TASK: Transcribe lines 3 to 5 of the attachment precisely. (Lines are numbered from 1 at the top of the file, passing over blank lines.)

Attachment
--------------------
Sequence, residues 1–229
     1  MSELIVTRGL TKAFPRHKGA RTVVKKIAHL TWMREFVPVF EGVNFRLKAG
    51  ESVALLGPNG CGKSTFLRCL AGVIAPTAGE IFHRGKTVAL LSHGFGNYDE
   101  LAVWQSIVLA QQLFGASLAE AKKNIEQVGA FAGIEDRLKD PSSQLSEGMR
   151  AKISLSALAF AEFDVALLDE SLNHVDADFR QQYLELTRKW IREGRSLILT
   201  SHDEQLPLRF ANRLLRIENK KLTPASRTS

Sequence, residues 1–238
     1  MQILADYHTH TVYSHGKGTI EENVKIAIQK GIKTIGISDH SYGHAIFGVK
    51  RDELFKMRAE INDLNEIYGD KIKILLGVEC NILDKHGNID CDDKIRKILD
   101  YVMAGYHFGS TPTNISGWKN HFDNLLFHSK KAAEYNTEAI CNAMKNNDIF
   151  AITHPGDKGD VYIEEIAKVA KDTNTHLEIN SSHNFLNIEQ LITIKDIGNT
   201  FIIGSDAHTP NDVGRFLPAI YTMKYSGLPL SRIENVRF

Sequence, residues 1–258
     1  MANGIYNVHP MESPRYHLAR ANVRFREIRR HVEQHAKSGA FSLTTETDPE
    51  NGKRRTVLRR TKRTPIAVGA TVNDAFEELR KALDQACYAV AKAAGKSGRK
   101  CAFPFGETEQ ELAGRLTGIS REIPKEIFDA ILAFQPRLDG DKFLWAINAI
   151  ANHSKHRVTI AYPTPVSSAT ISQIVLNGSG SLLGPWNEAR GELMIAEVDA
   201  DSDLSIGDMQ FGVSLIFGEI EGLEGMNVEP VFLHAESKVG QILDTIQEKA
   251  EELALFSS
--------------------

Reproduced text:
    51  ESVALLGPNG CGKSTFLRCL AGVIAPTAGE IFHRGKTVAL LSHGFGNYDE
   101  LAVWQSIVLA QQLFGASLAE AKKNIEQVGA FAGIEDRLKD PSSQLSEGMR
   151  AKISLSALAF AEFDVALLDE SLNHVDADFR QQYLELTRKW IREGRSLILT